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Radial Pulse Therapy: A Deep Tissue Technology Worth Checking Out

By | Uncategorized
Personally written by Dr. Milan Lassiter, Chiropractor, 1303 W. Main St., Richmond, VA, Tel #: (804) 254-5765
ripples-in-water

Radial Pulse Therapy has also been dubbed ShockWave Therapy, but it’s a mis-nomer because there is no “shock” involved.  It uses an instrument to create pulsing waves, similar to throwing a rock into a pond and creating ripples in the water. Think of Radial Pulse Therapy as creating those same type of ripples in the soft tissues (muscle, fascia, tendons, ligaments, bursae, connective tissue), penetrating deeply down and spreading out as they go deeper. These “ripples” are actually rhythmic waves that are delivered into scar tissue and adhesive tissue, breaking it up over a 5-10 minute treatment. The German Radial Pulse unit that we use has a “soft” option, which makes it very effective while being very comfortable.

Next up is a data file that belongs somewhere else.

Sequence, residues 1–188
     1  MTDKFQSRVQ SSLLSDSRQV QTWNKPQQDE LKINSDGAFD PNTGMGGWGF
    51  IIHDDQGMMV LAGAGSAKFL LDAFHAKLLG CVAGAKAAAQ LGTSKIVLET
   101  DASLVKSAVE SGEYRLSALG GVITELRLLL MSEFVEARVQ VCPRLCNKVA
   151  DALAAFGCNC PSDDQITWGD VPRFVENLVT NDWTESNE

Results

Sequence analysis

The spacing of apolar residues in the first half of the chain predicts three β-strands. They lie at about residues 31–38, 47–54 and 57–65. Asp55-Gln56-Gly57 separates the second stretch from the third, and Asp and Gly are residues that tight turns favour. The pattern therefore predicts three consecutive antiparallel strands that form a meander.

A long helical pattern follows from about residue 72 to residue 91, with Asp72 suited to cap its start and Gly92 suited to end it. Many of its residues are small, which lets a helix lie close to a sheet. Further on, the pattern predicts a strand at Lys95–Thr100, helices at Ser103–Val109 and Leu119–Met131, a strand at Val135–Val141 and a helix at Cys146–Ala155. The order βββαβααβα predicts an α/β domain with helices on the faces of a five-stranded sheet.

I particularly like shockwave therapy for chronic soft tissue conditions. Treating soft tissue conditions in the acute phase is much easier than treating those conditions once they have become chronic. The challenge with treating long-standing problems is that scar tissue and adhesions, once in the chronic stage, are either becoming permanent or are permanent. This makes most traditional treatment methods less effective and may be the reason why you’ve tried many different therapies, but nothing has worked.

The initial minute of treatment stimulates chemicals that release natural pain-killers in the body.  The reaction from the treatment is usually that the skin will turn red and feel warm, often with mild post-treatment soreness for a day or two.  This type of therapy is so deep that it can only be used once every 4 or 5 days.

Our other soft tissue treatments, such as Active Release Technique (ART) and Graston Technique, are state-of-the-art soft tissue therapies. However, with tough, chronic cases, ART and Graston are even more effective if the problem area has been pre-treated with the deeper, more high intensity mechanical energy from the shockwave therapy. No one else in Richmond has this cutting-edge therapy.